Wait, I have PCOS? February 27 2017, 0 Comments
For as long as I can remember, I have battled with acne. When I was a teenager, I asked my mom to buy me a new acne cleanser or pimple cream every time we went to the store. Nothing seemed to work, and I was getting frustrated with all the different products I was using (and my mom wasn’t happy with all the money she kept spending). My doctor prescribed me some topical medication but it was so strong and dried my face out so I stopped using it before I could see any results. I would get painful cystic acne that couldn’t be covered with makeup. I popped them because they looked so awful, which of course made them look worse and lead to scarring. After awhile, I stopped trying to prevent and treat my acne because nothing worked. It was embarrassing to now be in my 20’s with acne worse than a teenager’s. But I had given up and decided that I would just have acne for the rest of my life and there was nothing that could be done.
When I was in my late 20’s, I started losing hair. It’s natural to lose a certain amount of hair every day, but my hair was falling out so much that it was becoming obvious to those around me. My hair would clog the vacuum cleaner, end up in clumps in the bathroom drain, and was on every surface of my house. The part in my hair became wider and crept down the back of my head. I even had an outbreak of alopecia, which came as a quarter-sized bald spot on the back of my head. Thankfully I had enough hair to cover it, but I was always worried a strong breeze would reveal my bald spot. This hair loss prompted me to go to see a doctor at my college health clinic. At first, he didn’t find anything wrong with my blood tests. He said that hair usually grows back on its own for someone with alopecia. I could start using Rogaine but it may not help. Eventually, the hair in my bald spot grew back, but my hair was still thinning. My self-esteem had plummeted. Acne and now hair loss!
Two years later, during a regular annual exam with my primary doctor, she noticed that my acne was bad and she referred me to see a dermatologist. Since I also had questions about my thinning hair, I decided to make an appointment. The dermatologist ordered more blood tests to be done, which I thought wouldn’t show anything since the other doctor said everything looked normal. However, he said that he would order more specialized tests that a general physician may not order.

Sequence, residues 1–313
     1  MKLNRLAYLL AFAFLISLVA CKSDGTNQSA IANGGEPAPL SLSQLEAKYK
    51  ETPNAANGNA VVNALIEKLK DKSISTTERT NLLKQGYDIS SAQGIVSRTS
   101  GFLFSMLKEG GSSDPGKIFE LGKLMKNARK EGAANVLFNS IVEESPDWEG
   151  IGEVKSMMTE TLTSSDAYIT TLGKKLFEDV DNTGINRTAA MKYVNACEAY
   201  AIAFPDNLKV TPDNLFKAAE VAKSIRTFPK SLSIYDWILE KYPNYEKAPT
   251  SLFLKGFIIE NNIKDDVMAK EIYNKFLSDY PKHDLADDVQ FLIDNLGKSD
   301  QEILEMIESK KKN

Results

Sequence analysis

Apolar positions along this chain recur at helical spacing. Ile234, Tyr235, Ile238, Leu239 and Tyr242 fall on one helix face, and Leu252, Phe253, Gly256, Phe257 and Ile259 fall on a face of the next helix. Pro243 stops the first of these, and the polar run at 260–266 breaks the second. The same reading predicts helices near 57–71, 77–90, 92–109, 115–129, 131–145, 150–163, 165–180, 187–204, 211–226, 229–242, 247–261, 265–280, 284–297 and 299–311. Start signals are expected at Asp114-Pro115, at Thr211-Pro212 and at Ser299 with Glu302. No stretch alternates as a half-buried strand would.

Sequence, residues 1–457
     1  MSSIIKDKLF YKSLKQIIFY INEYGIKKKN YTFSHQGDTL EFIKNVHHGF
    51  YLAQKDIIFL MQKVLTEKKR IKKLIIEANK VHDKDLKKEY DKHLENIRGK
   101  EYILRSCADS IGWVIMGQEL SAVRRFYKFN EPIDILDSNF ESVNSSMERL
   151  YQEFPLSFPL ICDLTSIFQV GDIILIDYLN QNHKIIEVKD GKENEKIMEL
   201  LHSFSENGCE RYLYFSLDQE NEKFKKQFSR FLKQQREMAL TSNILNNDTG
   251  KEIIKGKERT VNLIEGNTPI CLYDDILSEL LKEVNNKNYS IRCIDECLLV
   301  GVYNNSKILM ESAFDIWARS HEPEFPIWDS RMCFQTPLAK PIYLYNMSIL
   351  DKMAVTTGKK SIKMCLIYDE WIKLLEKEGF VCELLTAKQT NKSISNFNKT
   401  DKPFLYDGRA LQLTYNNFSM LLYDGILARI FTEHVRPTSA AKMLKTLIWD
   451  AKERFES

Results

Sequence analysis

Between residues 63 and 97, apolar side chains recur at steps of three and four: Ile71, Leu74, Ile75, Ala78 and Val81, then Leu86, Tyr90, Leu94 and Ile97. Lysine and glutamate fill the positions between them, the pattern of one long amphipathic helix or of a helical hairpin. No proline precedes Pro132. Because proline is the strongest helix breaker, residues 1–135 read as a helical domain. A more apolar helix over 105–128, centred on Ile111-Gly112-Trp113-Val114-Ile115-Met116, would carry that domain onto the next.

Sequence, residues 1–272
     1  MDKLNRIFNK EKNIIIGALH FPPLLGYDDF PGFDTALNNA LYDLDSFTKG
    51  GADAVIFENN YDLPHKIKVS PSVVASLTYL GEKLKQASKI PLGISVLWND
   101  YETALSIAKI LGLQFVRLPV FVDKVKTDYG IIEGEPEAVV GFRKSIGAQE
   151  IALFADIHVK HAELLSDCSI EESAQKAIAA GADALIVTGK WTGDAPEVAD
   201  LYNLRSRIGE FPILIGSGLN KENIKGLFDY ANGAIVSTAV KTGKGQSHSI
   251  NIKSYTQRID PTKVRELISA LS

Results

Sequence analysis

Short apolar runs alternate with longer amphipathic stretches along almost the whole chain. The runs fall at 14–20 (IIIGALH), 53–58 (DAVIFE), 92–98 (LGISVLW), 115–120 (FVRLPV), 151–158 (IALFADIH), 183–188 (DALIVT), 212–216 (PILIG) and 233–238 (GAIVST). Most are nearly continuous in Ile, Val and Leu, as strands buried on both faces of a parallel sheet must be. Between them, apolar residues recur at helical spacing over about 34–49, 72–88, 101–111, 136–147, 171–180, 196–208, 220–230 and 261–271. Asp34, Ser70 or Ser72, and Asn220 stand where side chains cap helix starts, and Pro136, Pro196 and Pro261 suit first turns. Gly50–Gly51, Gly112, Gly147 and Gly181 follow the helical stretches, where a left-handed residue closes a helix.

He suspected I had polycystic ovary syndrome (PCOS), which is a scary name and I immediately feared the worst. The blood tests and an ultrasound confirmed that I had it. Basically, it is cysts on the ovaries which make testosterone levels too high. It results in acne, oily skin, hair loss, weight gain, irregular periods, and difficulty conceiving. Suddenly my symptoms made sense. It wasn’t that I wasn’t using the right products or wasn’t following the right skin care routine. It wasn’t that my hair loss came out of nowhere or that it was all in my head. It was all because I had PCOS.
The disorder can be managed with medication (I’m on metformin). My doctor also advised me to lose weight, which would help alleviate the symptoms. So far, I haven’t seen much improvement in my acne or hair loss, but I am working hard to lose weight and I diligently take my medication. If you think your acne isn’t getting better and have some of the other symptoms of PCOS, I would recommend seeing your doctor. It took two doctor visits and a dermatologist to find that I had PCOS, and all because my hair loss was out of control. I never thought there was a reason for my acne, but I find relief knowing that it’s because of a disorder that can be managed.
Tags: ###hairloss #doctor #